Telangana formation day | Trials, triumph and turning the tide: A journey of navigating obstacles, embracing victories

With soaring per capita income, reduced inequality, and robust infrastructural growth, Telangana has showcased remarkable progress but development gaps persist, particularly in women and children’s health

Updated - June 01, 2023 03:21 pm IST

Published - June 01, 2023 02:47 am IST - HYDERABAD

A view of  Telangana’s new secretariat building complex in Hyderabad, which has been named after Dr. B.R. Ambedkar. The massive, 125-foot steel and bronze statue of Dr. Ambedkar was inaugurated on his birth anniversary on April 14, 2023.

A view of Telangana’s new secretariat building complex in Hyderabad, which has been named after Dr. B.R. Ambedkar. The massive, 125-foot steel and bronze statue of Dr. Ambedkar was inaugurated on his birth anniversary on April 14, 2023. | Photo Credit: Nagara Gopal

Summers in Telangana meant frequent power outages, inconsistent water supply, long wait for water tankers, parched agricultural fields, and urban migration of distressed families. Nearly a decade after Telangana was carved out of Andhra Pradesh, the situation has a ring of surprise. The human development indices for the new State present a different picture from the time it was created. Gone are the gloomy predictions about the fate of the new State. Instead, we have a confident State that is green throughout the year with every household in the remotest corner getting potable water at home (100% coverage).  

Telangana has seen a surge in per capita income (PCI). Its PCI at current prices stands at ₹3.17 lakh, which is ₹1.46 lakh higher than the national PCI of ₹1.71 lakh. Rangareddy district has one of highest PCI in the country at ₹6.69 lakh.

The Gini Coefficient, which is considered an indicator of inequality, is down to 0.10 from 0.331 in urban areas and 0.437 in rural areas in 2011-12, according to National Family Health Survey 2019-21. This puts the State on par with Kerala and Tamil Nadu in terms of equitable income distribution.

But gaps in development indices remain. The health of women and children is considered a key indicator in any society. Here, Telangana falters. Stunting (low height for age) has increased from 28% to 33%, wasted (low weight for height) has increased from 18% to 22%, underweight (low weight for age) has increased from 29% to 32% for children under the age of 5 between 2016 and 2021.

The issue linked to malnutrition is not limited to rural areas. The International Food Policy Research Institute includes 31 out of 31 districts as places of public health concern on a host of parameters like underweight children, underweight women, severe wasting and anaemia. A sliver of hope is that the maternal mortality rate has dipped from 81 in 2016 to 43 in 2020. The infant mortality rate has fallen from 35/1000 in 2016 to 21/1000 in 2020. The UN Sustainable Development Goal is to reach single-digit IMR of 9/1000 by 2020.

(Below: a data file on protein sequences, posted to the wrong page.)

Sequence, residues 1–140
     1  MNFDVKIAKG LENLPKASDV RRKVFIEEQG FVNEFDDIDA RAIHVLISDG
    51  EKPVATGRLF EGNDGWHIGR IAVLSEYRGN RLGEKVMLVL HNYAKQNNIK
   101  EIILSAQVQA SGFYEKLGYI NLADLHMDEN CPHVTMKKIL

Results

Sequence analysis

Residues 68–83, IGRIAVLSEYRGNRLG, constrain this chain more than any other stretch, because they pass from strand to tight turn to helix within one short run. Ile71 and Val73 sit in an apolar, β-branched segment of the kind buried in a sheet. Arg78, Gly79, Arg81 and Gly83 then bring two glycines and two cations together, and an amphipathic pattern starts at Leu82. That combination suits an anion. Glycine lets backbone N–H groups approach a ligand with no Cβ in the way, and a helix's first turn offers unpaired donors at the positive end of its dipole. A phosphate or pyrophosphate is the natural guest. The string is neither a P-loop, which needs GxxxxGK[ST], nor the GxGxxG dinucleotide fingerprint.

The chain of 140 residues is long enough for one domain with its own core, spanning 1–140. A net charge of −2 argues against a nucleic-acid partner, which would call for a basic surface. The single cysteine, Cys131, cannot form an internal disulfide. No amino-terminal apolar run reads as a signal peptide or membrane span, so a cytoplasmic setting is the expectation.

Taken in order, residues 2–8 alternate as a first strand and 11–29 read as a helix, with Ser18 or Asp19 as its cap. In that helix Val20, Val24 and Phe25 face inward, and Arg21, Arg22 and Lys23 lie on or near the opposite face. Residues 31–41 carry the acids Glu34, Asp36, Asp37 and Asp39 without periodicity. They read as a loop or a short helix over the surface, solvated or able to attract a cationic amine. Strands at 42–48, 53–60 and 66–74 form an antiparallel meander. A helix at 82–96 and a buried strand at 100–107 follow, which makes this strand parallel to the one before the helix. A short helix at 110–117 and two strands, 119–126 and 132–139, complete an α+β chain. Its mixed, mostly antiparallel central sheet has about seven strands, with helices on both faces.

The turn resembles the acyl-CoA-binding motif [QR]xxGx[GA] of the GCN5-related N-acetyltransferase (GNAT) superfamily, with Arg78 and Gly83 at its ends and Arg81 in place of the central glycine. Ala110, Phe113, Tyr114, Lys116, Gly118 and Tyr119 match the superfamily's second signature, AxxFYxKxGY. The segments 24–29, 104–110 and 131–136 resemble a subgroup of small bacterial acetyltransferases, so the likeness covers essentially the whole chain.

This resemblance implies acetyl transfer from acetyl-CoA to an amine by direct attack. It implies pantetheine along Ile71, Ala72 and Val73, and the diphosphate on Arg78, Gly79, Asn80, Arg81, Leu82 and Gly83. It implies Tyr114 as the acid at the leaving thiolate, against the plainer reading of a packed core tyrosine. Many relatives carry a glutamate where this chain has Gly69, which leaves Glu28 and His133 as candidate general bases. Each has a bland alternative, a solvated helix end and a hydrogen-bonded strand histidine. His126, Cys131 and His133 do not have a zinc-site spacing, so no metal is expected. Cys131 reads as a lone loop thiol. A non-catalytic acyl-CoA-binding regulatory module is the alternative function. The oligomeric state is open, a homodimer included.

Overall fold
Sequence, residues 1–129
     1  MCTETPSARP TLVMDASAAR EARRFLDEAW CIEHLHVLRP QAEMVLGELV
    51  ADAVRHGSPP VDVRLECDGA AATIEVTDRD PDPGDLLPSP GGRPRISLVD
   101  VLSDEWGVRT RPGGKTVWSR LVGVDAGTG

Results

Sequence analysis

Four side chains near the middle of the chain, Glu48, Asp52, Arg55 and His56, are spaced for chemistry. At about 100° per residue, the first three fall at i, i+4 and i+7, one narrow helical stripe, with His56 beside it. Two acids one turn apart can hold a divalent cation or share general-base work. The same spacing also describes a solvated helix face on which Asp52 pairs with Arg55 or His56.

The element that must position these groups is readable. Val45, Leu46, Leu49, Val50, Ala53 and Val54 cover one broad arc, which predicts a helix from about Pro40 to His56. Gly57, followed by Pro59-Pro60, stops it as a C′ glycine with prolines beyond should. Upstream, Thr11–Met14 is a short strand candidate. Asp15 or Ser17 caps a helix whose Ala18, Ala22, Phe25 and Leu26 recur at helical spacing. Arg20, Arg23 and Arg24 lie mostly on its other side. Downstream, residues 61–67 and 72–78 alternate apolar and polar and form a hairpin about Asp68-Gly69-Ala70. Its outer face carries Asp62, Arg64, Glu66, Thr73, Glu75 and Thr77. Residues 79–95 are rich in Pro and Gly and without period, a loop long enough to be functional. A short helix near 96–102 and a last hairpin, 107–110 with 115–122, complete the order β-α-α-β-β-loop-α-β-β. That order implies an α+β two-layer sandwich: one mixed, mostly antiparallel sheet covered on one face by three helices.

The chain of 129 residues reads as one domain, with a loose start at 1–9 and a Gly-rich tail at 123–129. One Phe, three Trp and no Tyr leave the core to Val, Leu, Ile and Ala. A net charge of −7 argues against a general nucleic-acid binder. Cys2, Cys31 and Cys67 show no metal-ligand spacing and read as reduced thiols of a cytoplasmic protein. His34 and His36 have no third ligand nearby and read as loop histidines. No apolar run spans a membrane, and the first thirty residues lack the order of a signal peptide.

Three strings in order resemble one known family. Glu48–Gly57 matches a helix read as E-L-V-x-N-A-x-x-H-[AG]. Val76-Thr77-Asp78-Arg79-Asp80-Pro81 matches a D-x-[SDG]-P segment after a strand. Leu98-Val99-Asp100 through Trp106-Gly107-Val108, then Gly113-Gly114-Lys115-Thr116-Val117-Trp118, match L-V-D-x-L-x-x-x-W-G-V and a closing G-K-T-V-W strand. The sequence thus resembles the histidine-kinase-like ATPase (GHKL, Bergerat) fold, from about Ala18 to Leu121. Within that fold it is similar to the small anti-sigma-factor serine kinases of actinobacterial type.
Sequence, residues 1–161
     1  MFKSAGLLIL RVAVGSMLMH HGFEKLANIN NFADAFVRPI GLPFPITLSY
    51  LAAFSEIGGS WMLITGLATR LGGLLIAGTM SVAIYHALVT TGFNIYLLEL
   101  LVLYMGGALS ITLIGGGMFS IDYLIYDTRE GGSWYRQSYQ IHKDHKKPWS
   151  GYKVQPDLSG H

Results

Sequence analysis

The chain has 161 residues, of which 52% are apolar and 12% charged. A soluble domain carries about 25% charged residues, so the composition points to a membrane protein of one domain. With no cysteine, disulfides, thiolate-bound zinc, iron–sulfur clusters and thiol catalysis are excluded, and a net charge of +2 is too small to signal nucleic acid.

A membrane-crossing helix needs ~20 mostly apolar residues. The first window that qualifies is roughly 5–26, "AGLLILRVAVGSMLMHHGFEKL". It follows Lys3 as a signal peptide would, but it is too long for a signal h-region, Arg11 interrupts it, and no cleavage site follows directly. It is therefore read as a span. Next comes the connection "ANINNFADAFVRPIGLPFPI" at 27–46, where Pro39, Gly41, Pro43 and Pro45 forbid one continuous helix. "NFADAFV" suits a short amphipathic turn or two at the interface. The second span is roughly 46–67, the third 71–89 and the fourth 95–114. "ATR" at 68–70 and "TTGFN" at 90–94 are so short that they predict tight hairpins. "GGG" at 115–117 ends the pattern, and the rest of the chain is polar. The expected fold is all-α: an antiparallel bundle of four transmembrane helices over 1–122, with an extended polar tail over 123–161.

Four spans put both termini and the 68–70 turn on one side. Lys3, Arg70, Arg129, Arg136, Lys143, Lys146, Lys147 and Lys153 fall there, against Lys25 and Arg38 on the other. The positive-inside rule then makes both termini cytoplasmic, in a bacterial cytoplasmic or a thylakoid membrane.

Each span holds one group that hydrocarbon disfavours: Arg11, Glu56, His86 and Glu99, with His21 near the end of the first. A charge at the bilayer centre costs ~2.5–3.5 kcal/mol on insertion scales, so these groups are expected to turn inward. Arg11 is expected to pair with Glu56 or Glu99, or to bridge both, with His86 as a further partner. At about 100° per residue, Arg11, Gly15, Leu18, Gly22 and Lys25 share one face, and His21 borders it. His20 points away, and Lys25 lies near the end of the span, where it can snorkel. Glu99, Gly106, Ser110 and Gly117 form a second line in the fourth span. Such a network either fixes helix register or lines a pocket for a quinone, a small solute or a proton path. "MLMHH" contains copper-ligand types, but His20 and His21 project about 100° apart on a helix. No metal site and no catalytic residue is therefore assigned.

Five years was the target of the State for zero open-defecation in 2014. However, as per NFHS-5, only 76.2% of the population use improved sanitation facilities. About 53% of the households in the State had toilet facility within the household in 2011. Now, 87% of households have access to toilet within the household.

‘Free access from KG to PG is an important goal of the Government in this sector’ was in important policy statements of the new State in 2014. However, the goal appears to have been missed. The revised estimate for education in 2015-16 was ₹8,266 crore. This went up marginally by 3.7% to ₹8,575 crore the next year. To put things in perspective, the Irrigation department budget went up from ₹8966 crore to ₹24,132 crore — a whopping 169.1% increase. The budget estimate for 2023-24 is ₹18,955 crore out of which ₹11,009 crore is earmarked for assisting local bodies with school education.  

Forest cover, which is part of Sustainable Development Goals, has gone up in the state according to data from ‘India State of Forest Report’. Telangana had 19,854 square km forest cover; in 2021 this has been estimated at 21,214 sq km.

The real transformation in infrastructure can be seen in the spread of road network over the past decade. In 2014, the State had 24,737 km road network with 3,446 km of state highways and 12,440 km of major district roads and 8,847 km rural roads. This year’s socio-economic survey pegs the road network in the State at 1,09,260 km — a quantum jump of 341%. While a tweak on the formula for calculating road length is at play, it is no mean achievement where 51% of the road is black-top, 30% is unmetalled road, 10% is cement concrete road, and 9% is metalled roads.

As the State marches on to mark its 10 years of existence, challenges remain in the social and health sector while it has made big strides in terms of infrastructure, irrigation, water supply and transport sector.

(Sources: National Family Health Survey, Budget papers, Socio Economic Survey and Niti Aayog)

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